Want to know about all of the different types of golden retrievers?
There are white goldens, red goldens, gold goldens, mini goldens, and Canadian, English, and American goldens… right?
Well, not exactly.
Talking about the different types of golden retrievers is both a simple and complex discussion.
Simple because there is just one recognized breed: the golden retriever.
But complex because there are different styles of goldens and lots of misinformation about them.
This post will sort the lies from the truth and break down everything you need to know about the different types of golden retrievers.
Let’s dive in!
Are There Different Types Of Golden Retrievers?
To start this conversation off, it’s important to note that the Golden Retriever Club of America makes it clear that there is just one breed of golden retriever.
Yes, there are different styles (like conformation vs. field goldens), but they’re all one breed.
This post is going to look at what some people think are different types of golden retrievers and get down to the truth about each type.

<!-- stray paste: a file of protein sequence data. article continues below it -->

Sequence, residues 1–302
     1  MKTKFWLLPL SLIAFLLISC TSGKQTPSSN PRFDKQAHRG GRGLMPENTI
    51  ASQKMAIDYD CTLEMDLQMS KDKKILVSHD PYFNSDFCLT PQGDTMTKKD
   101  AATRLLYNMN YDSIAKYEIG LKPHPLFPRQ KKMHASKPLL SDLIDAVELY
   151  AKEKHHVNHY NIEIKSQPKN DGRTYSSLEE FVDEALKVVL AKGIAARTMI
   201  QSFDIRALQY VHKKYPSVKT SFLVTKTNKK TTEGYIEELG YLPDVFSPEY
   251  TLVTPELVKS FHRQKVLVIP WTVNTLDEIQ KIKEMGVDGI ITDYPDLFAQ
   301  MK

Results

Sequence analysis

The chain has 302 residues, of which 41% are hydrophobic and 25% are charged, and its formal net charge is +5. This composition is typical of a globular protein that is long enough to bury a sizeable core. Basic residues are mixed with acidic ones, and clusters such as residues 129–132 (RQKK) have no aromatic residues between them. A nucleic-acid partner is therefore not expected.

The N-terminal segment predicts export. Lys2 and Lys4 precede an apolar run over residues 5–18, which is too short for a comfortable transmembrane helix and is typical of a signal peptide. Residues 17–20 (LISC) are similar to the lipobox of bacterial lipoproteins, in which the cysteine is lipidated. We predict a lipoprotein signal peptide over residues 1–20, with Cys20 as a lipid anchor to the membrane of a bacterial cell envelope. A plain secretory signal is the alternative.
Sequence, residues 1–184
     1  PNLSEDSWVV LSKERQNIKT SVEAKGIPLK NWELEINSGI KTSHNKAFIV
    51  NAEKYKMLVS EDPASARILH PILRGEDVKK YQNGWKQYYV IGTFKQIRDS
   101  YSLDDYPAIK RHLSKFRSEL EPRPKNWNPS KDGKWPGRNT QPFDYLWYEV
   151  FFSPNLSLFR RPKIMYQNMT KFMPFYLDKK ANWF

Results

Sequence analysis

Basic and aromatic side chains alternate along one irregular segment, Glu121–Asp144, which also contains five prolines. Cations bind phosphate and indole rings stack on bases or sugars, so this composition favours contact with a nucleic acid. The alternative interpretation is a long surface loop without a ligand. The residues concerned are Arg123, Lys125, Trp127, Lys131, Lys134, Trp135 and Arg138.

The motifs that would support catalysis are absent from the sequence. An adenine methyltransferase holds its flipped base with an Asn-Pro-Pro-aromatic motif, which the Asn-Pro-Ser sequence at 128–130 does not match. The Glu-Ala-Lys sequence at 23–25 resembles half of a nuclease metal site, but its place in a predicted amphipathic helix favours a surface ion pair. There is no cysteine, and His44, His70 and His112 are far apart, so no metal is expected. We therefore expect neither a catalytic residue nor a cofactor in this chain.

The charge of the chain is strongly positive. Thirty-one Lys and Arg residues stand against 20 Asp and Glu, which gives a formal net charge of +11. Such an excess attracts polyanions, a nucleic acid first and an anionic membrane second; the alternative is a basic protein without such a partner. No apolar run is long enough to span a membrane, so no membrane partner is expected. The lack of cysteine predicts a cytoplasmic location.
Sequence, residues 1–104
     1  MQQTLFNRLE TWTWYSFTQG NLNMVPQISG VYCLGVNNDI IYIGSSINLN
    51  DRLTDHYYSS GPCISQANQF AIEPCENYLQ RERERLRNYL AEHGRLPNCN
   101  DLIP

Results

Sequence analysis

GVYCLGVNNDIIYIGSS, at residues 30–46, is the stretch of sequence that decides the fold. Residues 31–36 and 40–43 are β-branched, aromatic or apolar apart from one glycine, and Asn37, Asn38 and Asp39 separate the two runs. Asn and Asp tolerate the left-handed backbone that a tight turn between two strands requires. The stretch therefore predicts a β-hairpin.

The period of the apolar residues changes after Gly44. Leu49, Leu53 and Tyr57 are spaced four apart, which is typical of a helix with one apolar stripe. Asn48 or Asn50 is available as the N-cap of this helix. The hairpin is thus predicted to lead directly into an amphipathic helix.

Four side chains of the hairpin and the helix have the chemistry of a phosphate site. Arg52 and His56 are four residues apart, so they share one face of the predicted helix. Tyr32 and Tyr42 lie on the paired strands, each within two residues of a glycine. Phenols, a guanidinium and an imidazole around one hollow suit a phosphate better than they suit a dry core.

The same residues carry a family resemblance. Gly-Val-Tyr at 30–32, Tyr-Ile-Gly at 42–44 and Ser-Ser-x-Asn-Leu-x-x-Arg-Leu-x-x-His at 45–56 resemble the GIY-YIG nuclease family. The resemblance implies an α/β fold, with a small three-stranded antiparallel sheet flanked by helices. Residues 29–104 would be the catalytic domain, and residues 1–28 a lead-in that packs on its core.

These types are:
- Field bred golden retrievers
- Show golden retrievers
- Red golden retrievers
- English Cream golden retrievers
- American golden retrievers
- Canadian golden retrievers
- Black golden retrievers
- Mini golden retrievers
But before we get into the different types and styles today, it will help to get a good understanding of where golden retrievers came from in the first place.
The History Of Golden Retrievers
Golden Retrievers have an interesting history.
As legend has it, Lord Tweedmouth of Scotland wanted to create a hunting dog that could retrieve shot-down birds from both land and water.